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J Clin Epidemiol. 2018 Oct;102:99-106. doi: 10.1016/j.jclinepi.2018.06.007. Epub 2018 Jun 30.

A survey of Delphi panelists after core outcome set development revealed positive feedback and methods to facilitate panel member participation.

Author information

1
Outcomes After Critical Illness and Surgery (OACIS) Group, Johns Hopkins University, Baltimore, MD, USA; Division of Pulmonary and Critical Care Medicine, School of Medicine, Johns Hopkins University, Baltimore, MD, USA; Department of Epidemiology, Bloomberg School of Public Health, Johns Hopkins University, Baltimore, MD, USA. Electronic address: turnbull@jhmi.edu.
2
Outcomes After Critical Illness and Surgery (OACIS) Group, Johns Hopkins University, Baltimore, MD, USA; Division of Pulmonary and Critical Care Medicine, School of Medicine, Johns Hopkins University, Baltimore, MD, USA.
3
Divisions of Rheumatology and Allergy and Clinical Immunology, Johns Hopkins University, Baltimore, MD, USA.
4
Outcomes After Critical Illness and Surgery (OACIS) Group, Johns Hopkins University, Baltimore, MD, USA; Division of Pulmonary and Critical Care Medicine, School of Medicine, Johns Hopkins University, Baltimore, MD, USA; Department of Physical Medicine and Rehabilitation, School of Medicine, Johns Hopkins University, Baltimore, MD, USA.

Abstract

OBJECTIVES:

The objective of this study was to elicit feedback on consensus methodology used for core outcome set (COS) development.

STUDY DESIGN AND SETTING:

An online survey of international Delphi panelists participating in a recent COS for clinical research studies evaluating acute respiratory failure (ARF) survivors was conducted. Panelists represented 14 countries (56% outside the United States).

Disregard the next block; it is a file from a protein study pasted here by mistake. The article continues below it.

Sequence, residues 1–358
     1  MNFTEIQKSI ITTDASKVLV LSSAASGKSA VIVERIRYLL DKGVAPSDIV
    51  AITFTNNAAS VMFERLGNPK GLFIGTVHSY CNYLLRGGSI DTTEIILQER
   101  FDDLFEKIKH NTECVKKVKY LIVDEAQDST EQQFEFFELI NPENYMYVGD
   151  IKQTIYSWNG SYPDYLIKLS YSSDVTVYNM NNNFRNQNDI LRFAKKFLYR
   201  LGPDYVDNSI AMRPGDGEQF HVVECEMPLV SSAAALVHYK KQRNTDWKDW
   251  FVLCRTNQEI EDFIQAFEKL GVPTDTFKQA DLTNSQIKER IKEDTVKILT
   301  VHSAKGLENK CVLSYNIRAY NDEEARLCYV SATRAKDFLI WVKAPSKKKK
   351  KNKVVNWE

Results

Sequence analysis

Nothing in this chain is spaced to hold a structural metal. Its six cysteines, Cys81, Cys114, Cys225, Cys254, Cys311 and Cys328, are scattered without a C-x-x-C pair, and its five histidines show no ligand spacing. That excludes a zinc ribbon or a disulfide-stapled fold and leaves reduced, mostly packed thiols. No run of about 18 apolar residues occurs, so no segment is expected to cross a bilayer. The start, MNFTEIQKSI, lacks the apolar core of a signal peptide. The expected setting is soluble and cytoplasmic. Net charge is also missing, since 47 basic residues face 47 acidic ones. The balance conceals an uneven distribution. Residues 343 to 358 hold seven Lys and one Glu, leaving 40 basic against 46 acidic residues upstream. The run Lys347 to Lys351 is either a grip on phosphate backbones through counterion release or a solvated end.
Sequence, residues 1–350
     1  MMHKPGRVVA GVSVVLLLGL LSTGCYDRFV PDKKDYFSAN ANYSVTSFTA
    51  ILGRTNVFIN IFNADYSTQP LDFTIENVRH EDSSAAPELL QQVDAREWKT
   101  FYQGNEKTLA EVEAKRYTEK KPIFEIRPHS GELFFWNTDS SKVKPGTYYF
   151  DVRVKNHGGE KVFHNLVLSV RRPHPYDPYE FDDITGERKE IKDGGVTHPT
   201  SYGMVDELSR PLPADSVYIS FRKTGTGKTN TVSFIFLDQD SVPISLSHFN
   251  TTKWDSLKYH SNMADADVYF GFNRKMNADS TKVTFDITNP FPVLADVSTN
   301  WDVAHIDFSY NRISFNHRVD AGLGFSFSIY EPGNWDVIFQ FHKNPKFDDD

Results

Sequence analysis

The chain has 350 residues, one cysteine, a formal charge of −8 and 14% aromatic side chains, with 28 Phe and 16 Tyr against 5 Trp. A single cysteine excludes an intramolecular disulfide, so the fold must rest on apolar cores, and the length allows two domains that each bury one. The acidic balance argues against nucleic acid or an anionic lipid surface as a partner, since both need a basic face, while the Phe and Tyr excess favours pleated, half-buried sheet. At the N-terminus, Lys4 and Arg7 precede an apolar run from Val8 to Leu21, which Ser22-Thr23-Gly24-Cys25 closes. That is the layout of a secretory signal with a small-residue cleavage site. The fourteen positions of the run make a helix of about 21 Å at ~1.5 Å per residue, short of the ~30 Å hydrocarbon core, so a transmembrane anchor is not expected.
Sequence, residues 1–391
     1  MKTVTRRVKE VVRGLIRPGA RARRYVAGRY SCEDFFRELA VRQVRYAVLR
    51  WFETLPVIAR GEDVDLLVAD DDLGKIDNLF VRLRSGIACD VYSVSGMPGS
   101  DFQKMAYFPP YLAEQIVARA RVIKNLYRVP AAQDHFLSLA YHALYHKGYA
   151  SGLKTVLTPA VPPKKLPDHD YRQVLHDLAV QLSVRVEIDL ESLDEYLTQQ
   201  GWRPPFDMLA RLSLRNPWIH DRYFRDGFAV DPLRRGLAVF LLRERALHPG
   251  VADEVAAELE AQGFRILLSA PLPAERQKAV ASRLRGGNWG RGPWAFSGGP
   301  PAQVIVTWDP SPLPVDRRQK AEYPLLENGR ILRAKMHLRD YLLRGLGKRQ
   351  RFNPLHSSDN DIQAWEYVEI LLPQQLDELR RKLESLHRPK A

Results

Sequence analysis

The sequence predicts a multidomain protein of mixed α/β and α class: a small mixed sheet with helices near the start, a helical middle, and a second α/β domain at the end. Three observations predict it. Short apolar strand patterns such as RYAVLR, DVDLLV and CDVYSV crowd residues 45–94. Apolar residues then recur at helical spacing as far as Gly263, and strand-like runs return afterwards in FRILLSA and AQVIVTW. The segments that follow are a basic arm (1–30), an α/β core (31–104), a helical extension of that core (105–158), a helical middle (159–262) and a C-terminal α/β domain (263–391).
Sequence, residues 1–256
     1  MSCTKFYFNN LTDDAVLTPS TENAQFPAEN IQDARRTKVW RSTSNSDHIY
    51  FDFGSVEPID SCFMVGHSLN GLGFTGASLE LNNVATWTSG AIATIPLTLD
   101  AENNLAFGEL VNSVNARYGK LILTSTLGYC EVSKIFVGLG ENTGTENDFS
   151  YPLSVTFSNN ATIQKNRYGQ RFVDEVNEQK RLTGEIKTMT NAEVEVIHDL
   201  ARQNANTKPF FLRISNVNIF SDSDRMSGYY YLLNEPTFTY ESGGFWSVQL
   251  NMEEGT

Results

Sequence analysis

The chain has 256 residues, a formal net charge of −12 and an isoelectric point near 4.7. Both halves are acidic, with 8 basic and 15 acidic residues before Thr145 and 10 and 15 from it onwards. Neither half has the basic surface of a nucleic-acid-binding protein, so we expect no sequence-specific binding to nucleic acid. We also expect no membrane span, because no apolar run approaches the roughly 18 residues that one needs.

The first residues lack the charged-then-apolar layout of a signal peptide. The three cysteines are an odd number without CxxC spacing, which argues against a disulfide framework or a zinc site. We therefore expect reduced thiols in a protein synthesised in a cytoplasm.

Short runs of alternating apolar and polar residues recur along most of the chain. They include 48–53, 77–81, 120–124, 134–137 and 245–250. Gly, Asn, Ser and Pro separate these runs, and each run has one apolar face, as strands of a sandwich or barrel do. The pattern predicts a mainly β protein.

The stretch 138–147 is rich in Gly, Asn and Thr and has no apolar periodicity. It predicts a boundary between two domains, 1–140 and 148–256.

RESULTS:

Seventy (92%) panelists completed the survey, including 32 researchers, 19 professional association representatives, 4 research funding representatives, and 15 ARF survivors/caregiver members. Among respondents, 91% reported that the time required to participate was appropriate and 96% were not bothered by reminders for timely response. Attributes of measurement instruments and voting results from previous rounds were evaluated differently across stakeholder groups. When measurement properties were explained in the stem of the survey question, 59 (84%) panelists (including 73% of survivors/families) correctly interpreted information about an instrument's reliability. Without a reminder in the stem, only 20 (29%) panelists (including 38% of researchers) correctly identified properties of a COS.

CONCLUSION:

This international Delphi panel, including >20% patients/caregivers, favorably reported on feasibility of the methodology. Providing all panelists pertinent information/reminders about the project's objective at each voting round is important to informed decision making across all stakeholder groups.

KEYWORDS:

Consensus methods; Core outcome set development; Delphi study; Feedback strategies; Stakeholders

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